Part of the reason that I converted to Catholicism is due to my study of the early church, and the fact that the earliest records of the church show that the Eucharist was celebrated in a fashion as it is today in the Roman Catholic Church.



posted on Mar, 19 2013 @ 01:57 AM
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IsidoreOfSeville


Are you familiar with the "third orders" of religious life? Those in third orders are free to live normal family lives, yet maintain their vows.


Yes, but third order lay-religious aren't ordained.

Maybe permanent deacons "shouldn't" be ordained, either, but that was decided back in the 1960's, and they are. There are about 40,000 deacons worldwide (I am told). So, apparently there is some use for an office which combines ordination with ordinary family life. The remaining issue, then, would be whether that opportunity should be offered to women as well.


Jesus set the example


That is, of course, one of the counterarguments. However, the "iconic argument," assuming that it has any force at all, may have different applicability to different offices.

adj

I think the problem looks different worldwide versus in the developed areas. Worldwide, the Church is growing, and picking up priests from the newly converted, some of whom in time become bishops. What pays for that is the donations from chirches in wealthy areas of the world. A good deal of that wealth is disposed of according to the preferences of women.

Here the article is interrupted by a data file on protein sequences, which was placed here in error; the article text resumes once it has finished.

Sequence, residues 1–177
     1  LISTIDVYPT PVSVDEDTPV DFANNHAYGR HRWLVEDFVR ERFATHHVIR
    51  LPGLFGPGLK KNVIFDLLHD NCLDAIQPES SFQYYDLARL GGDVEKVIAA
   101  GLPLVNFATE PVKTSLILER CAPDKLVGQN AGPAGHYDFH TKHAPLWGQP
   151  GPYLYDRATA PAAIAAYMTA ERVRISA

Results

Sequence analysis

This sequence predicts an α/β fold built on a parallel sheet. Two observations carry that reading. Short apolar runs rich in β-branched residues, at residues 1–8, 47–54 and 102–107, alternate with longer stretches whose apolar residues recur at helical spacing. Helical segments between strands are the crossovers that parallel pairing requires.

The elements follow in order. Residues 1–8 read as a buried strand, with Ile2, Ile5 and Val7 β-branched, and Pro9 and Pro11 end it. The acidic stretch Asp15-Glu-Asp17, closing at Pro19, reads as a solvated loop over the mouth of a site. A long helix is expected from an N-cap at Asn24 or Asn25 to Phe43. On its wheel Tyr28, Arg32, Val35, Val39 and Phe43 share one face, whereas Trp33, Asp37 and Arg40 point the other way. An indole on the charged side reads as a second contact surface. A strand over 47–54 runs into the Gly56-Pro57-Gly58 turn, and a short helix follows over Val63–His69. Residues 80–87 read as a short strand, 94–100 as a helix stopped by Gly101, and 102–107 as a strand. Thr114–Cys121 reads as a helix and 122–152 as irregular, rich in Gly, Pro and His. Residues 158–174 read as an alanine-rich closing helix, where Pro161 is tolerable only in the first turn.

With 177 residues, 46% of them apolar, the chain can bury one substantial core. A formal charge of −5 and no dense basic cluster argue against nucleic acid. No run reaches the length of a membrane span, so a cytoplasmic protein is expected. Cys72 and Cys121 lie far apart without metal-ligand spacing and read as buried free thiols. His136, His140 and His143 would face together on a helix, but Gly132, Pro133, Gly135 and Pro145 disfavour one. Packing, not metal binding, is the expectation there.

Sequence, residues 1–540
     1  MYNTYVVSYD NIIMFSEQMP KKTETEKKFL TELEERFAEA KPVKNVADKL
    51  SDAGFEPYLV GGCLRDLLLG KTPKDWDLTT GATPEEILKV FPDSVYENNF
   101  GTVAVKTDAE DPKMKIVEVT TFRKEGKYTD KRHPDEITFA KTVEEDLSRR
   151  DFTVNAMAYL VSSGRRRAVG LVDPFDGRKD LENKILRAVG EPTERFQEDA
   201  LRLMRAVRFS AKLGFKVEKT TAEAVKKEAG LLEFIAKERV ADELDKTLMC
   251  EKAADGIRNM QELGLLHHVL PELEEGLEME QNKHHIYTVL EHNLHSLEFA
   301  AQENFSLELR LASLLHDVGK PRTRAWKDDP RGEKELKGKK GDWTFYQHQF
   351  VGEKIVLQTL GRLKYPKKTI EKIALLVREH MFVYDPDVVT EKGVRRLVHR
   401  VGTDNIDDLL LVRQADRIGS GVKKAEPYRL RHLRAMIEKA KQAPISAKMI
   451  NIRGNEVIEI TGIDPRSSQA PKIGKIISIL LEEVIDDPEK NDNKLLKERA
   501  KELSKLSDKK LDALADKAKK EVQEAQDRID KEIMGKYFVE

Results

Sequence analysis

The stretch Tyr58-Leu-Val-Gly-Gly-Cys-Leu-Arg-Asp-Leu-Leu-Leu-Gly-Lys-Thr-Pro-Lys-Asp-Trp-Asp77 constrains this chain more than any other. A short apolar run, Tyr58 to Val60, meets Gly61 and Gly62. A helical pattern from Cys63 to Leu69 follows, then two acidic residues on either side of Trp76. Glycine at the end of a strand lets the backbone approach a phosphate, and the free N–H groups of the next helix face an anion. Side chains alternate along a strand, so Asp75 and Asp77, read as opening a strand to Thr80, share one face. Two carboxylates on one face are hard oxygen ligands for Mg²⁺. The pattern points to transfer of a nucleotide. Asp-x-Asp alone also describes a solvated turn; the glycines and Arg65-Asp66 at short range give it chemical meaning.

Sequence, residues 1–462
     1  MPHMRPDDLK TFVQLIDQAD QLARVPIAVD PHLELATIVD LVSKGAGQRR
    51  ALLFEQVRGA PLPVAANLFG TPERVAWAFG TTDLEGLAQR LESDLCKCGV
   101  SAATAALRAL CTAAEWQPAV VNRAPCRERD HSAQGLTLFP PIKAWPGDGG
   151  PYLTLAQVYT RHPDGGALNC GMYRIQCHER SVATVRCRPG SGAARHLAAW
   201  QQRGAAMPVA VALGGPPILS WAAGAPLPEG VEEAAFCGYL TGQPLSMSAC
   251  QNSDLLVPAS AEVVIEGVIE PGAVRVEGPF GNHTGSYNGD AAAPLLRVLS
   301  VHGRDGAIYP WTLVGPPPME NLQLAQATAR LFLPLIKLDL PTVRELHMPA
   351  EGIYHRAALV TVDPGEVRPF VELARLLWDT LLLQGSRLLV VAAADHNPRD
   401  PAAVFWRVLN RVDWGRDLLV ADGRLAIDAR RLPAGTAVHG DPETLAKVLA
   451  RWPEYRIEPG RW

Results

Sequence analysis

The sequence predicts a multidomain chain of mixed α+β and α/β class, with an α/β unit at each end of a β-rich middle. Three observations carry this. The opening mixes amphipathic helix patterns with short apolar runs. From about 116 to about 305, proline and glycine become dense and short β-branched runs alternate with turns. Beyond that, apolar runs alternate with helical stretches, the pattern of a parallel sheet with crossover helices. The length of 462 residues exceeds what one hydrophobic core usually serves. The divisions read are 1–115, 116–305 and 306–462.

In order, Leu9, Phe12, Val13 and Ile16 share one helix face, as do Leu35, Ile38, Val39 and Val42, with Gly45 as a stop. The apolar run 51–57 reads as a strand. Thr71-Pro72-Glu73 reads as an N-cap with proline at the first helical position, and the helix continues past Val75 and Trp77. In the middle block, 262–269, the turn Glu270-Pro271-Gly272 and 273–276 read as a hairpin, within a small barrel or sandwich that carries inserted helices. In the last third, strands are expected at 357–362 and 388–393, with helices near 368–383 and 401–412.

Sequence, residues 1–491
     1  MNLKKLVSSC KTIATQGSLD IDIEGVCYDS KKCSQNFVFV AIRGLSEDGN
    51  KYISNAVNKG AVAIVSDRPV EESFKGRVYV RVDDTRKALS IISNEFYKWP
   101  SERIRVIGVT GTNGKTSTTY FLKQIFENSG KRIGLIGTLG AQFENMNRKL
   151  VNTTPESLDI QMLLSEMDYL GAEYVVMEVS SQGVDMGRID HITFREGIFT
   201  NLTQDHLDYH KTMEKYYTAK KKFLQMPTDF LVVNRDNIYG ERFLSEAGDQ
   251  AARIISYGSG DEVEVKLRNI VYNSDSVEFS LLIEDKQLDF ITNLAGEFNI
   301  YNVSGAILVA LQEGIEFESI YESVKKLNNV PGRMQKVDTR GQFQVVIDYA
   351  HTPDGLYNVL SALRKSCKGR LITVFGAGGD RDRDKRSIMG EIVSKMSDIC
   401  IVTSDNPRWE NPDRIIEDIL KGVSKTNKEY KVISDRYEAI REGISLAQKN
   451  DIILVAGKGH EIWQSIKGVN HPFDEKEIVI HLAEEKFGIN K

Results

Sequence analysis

A deacon isn't, and isn't supposed to be, a substitute for what only a priest does, preside at the reserved sacraments. The priestly role isn't unique to apostolic-succession Christianity. But, as even the Jerusalem apostles noticed, as the priests over at the Temple could have told them, there's a lot more to running a church than administering sacraments to the already-adhering. So, a priest is not necessarily a deacon-substitute, either.

I think your observation here is shrewd:


A lot is expected of Deacons, but my experience is that they are mostly just supplementary to Priests


How deacons are deployed is entirely up to the local bishop, and so it varies from place to place. But the diversity of diaconal assignments is staggering. Maybe in your location, deacons aren't well used (or deacons with distinctive skills and experience aren't available where you live). That doesn't rise to an argument, in my view, that women shouldn't be deacons or that the priority in addressing the issue would be misplaced.

And, um, if I may intrude into your conversation with another member


ALSO that I'm not a "real" Catholic -- I'm a Protestant convert, who likely has a lot of Protestant still in him, lol.


Surely you've noticed that, since Vatican II, the Roman Catholic Church has a lot of Protestant in it, too. Besides, I remember when you were a Protestant; I always thought you were a very Catholic one
.



posted on Mar, 19 2013 @ 07:03 AM
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Catholic Women Deacons by 2020

NOPE. NEVER GONNA' HAPPEN. Deacons and priests are ordained and those are only for men. This is a teaching of the church which cannot change - a doctrine. Doctrines can not change. They are considered to be rules set in stone by Christ Himself. Disciplines can change. Celebacy is a 'discipline' so it can change ... no women priests is a 'doctrine' so it can not.

And Deacons are ordained just like priests are so they fall under that doctrine.

Is it a doctrine or a discipline?